Haskell as Training Wheels

#haskell, #beginners, #functional

I don’t write a lot of Haskell. In fact, I don’t really write any Haskell. My total lifetime output is well under 1000 lines. Every time I sit down to write some Haskell, though, I get reminded of why I like it so much.

Functional programming can be a tricky paradigm to get your head around, but I don’t think it’s fundamentally challenging. Rather, it’s at odds with the instincts you’ve already built. Thus, when trying to program functionally in a more familiar language, it’s quite easy to cheat. JavaScript is a great example. Modern JS is a great language for functional programming, but there is nothing keeping you on the rails, so to speak. You might be leaning on imperative crutches without even realizing you’re doing it. Sure, you might be using reduce or newfangled stuff like flatMap all over the place, but the language itself doesn’t care about how sound your code is, it will do almost anything you ask and never complain if you’re breaking rules to make things easier on yourself.

Haskell forces you stay in the box. Its draconian compiler means that your code doesn’t run unless you’ve done it right. This feels like a limitation at first, but by forcing you to solve problems functionally it…well…forces you to solve problems functionally.

What’s prompting this is yesterday’s Dev.to challenge:

{# {% link thepracticaldev/daily-challenge-8-scrabble-word-calculator-41f6 %} #}

I had a long train ride yesterday, and figured a coding challenge would be a great way to pass the time. Immediately upon reading the problem spec, I had an outline of how to solve this problem. I’ve been spending most of my time over the last few weeks writing either C++ or Rust, so my mental outline was very imperative. You’d traverse the string iteratively, increment a score based on markers that are present, and then adjust that score based on any extra bonuses. I’m reasonably certain this instinctive solution would have worked with a little massaging.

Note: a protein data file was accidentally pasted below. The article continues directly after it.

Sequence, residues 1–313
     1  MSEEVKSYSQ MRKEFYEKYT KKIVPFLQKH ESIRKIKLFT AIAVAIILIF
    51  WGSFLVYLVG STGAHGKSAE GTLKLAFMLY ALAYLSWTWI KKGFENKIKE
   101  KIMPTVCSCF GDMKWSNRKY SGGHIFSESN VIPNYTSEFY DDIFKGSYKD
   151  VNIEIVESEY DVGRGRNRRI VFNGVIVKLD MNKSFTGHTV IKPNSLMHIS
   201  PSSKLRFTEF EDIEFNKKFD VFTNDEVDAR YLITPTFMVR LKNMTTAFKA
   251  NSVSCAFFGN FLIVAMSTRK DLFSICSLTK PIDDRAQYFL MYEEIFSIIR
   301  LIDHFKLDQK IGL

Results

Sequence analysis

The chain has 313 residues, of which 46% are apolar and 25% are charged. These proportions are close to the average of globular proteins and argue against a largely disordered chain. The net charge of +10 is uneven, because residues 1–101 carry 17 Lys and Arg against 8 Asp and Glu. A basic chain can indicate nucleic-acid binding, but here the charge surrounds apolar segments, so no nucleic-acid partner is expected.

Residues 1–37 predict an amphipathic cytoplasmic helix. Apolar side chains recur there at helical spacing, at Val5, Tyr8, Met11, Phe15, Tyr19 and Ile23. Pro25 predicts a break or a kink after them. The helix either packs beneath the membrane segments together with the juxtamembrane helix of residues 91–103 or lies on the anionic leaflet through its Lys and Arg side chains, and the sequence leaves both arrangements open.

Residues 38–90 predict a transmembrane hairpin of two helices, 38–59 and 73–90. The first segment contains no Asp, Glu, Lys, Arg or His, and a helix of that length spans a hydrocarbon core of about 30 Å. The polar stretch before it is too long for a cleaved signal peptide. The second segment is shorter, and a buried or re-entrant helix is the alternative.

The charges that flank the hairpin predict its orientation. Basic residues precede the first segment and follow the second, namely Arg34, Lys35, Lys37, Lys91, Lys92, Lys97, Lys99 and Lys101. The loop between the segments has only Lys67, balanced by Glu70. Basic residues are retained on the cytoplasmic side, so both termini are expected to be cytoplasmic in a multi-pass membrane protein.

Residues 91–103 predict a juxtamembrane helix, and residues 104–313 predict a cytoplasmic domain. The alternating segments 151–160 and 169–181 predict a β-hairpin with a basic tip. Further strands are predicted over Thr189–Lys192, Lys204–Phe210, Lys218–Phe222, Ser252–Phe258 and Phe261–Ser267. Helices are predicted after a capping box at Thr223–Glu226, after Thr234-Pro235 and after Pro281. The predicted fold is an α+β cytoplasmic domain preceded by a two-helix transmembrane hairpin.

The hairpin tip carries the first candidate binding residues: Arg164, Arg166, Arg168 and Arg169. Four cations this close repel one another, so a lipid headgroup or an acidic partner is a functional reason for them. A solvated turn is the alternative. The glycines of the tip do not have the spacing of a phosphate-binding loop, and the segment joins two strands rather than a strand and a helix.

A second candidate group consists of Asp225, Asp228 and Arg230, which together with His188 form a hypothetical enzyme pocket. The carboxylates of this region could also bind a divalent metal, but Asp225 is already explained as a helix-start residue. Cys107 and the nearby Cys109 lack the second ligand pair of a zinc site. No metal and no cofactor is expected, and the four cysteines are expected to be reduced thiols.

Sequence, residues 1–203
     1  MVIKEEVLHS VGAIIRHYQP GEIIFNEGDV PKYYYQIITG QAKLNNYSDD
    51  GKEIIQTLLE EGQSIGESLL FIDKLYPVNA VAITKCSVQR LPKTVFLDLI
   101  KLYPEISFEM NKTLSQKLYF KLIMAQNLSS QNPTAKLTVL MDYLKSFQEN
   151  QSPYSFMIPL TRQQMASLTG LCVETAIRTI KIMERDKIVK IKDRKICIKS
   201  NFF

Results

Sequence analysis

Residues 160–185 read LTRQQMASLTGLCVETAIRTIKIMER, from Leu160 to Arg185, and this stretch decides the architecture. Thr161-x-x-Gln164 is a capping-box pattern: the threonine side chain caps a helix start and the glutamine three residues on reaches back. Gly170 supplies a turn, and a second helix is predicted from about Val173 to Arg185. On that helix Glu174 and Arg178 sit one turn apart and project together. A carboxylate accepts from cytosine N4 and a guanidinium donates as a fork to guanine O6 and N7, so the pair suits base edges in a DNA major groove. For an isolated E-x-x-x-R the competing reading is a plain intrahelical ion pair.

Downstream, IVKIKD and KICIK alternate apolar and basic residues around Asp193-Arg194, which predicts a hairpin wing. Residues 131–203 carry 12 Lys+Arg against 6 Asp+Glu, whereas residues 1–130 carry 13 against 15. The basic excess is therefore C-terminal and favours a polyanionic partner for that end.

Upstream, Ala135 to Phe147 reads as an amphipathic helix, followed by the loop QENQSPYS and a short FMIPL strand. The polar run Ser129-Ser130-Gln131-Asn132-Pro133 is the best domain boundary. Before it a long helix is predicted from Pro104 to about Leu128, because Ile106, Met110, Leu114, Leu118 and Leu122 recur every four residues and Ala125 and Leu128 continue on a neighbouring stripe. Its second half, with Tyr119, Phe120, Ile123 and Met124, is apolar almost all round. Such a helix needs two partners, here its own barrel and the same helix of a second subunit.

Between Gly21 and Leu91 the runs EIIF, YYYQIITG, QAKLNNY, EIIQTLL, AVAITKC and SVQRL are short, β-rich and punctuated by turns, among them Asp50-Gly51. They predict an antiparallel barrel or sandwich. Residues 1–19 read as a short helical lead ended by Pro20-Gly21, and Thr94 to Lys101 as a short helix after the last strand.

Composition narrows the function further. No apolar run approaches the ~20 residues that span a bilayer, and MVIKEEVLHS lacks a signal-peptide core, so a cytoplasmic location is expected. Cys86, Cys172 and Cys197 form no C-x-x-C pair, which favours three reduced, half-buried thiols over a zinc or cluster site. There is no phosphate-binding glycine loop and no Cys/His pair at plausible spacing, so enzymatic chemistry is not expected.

Where’s the fun in that, though?

So, of course, I decided to whip out my dusty old Haskell compiler and see if I still knew how to drive it.

I find the most useful one-sentence summary of “functional programming” to be that instead of telling the computer how to compute the result, you just tell the computer what the result is. This can be easier said than done, and requires you to re-frame how you think about the problem.

In this specific problem, we are given a string and must return how high that string scores per Scrabble rules. There are a few curveballs - the * character is used to double or triple scores, the ^ indicates a blank so the previous letter shouldn’t be scored, and words can be appended with a multiplier like hello(d) or hello(t) to signal that the final result should be doubled or tripled.

The way to frame this is to think about what a scrabble score actually is. Instead of building up the score a piece at a time, say, adding the letters one by one and then checking to see if it needs adjustment, we want an equation that will score any word. This looks something like the following:

rawScore * wordMultiplier + sevenLetterBonus

This equation fits any input - we can just default the multiplier to 1 and the bonus to 0, so that most words that don’t need these get rawScore * 1 + 0, which is clearly equivalent to rawScore.

So, that’s what the answer is. We just need to manipulate the string passed in so that each of these values is correctly populated by the time we get there. The simplest part is sevenLetterBonus. If the raw word is exactly 7 letters, we add 50 points. Our input string may have extra bits like the asterisk or the multiplier suffix, so just strip those to get the actual word:

stripMarkers :: String -> String stripMarkers = filter (\c -> c /= '*' && c /= '^') $ takeWhile (/= '(')

Good. Again, this function just describes what the end result is - it’s the original word up to a ( character, with the marker characters filtered out. Quite declarative. Then we can build the bonus:

sevenLetterBonus = if (length $ stripMarkers w) == 7 then 50 else 0

Perfect, this now works on any input. The multiplier, too, is easy. Some inputs will have a suffix, and if so, check which. If not, the multiplier is 1:

wordMultiplier = let suffix = dropWhile (/= '(') w in if length suffix > 0 then case suffix !! 1 of 't' -> 3 'd' -> 2 _ -> 1 else 1